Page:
Carbon Monoxide, Fires, and Air Pollution

Carbon Monoxide, Fires, and Air Pollution

18 October 2006

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Like the burning of gasoline in your car, fires release carbonmonoxide, hydrocarbons (molecules made of carbon and hydrogen atoms), andnitrogen oxides—all of which, when exposed to sunlight, take part in thechemical reactions that create ground-level ozone. Unlike the ozone in thestratosphere, which absorbs dangerous ultraviolet light, ozone near theEarth’s surface is a harmful air pollutant. While urban and industrialcontributions to pollution go on year round, wildfires can add to globalpollution levels in seasonal, intense bursts.

Carbon monoxide observations collected from satellites are a good way totrack the spread of emissions from fires. This pair of images shows globalcarbon monoxide concentrations in the summers of 2004 (top) and 2005 (bottom)collected by the MOPITT (short for “Measurements of Pollution in theTroposphere”) sensor on NASA’s Terrasatellite. A record fire season in Alaska in 2004 spread smoke across theNorthern Hemisphere and elevated carbon monoxide levels across North America andEurope. Red indicates high concentrations, while yellow indicates lowconcentrations. The high levels over China (far right) are caused by industrialand urban pollution.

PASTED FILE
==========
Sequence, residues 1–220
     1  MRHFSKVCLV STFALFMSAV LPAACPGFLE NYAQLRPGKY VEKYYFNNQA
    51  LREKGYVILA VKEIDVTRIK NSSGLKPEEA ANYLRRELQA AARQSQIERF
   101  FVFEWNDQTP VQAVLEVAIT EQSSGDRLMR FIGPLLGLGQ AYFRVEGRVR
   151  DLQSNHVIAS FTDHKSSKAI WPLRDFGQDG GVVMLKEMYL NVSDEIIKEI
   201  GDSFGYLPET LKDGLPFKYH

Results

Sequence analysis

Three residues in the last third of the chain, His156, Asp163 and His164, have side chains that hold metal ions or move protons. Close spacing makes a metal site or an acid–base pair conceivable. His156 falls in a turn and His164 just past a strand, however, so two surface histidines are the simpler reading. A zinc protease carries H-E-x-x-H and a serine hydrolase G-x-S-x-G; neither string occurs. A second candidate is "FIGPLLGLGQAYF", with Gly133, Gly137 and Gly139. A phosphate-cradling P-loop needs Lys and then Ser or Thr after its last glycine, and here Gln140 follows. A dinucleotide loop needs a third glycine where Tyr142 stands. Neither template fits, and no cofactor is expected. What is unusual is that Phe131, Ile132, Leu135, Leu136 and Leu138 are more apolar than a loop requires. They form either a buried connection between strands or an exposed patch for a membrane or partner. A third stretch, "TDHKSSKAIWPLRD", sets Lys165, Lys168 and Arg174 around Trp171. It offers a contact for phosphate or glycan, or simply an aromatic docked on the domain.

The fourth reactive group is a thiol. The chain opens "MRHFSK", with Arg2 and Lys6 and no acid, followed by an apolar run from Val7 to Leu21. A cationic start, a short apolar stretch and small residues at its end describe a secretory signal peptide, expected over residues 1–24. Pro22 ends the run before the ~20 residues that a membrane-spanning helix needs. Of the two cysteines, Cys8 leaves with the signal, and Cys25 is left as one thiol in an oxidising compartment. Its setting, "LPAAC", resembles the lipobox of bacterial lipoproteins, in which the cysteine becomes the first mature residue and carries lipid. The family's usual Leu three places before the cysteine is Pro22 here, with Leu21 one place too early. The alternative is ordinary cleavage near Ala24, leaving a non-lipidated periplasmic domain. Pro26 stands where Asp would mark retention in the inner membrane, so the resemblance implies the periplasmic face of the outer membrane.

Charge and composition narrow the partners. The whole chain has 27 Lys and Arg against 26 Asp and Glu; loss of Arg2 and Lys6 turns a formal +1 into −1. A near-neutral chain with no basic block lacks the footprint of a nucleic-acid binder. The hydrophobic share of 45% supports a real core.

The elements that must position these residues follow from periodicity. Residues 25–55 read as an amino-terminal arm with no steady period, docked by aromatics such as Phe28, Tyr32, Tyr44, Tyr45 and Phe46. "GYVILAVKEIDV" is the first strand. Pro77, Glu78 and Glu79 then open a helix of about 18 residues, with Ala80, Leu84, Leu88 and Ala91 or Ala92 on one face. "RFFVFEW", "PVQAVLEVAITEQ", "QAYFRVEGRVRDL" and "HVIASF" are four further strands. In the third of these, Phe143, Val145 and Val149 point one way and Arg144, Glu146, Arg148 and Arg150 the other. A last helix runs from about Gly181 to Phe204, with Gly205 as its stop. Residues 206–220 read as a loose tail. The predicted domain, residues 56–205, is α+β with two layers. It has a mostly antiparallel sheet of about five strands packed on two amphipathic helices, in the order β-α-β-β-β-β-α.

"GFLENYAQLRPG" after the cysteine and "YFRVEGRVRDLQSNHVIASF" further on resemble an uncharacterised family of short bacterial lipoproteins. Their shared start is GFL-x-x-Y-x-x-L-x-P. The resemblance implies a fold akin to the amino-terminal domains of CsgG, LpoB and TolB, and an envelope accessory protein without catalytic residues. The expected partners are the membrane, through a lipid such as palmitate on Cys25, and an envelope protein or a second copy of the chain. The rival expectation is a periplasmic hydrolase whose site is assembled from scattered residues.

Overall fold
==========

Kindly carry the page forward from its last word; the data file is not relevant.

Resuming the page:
The record-breaking 2004 fire season coincided with an international researchcampaign that used a combination of ground-, aircraft-, and satellite-basedsensors to study global pollution drift. As part of the research project,scientists used fire detection information from NASA satellites to estimate howmuch pollution the Alaskan fires released, and then used atmospheric chemistryand weather models to predict where the pollution would spread. The researchrevealed that the fires produced approximately 30 teragrams of carbon monoxide(1 teragram is about 2.2 billion pounds), roughly equal to all thehuman-generated carbon monoxide for the entire continental United States duringthe same period. The scientists estimated that the boost in carbon monoxide andother fire-emitted pollutants increased ground-level ozone up to twenty-fivepercent in the northern continental United States, and by up to ten percent inEurope.


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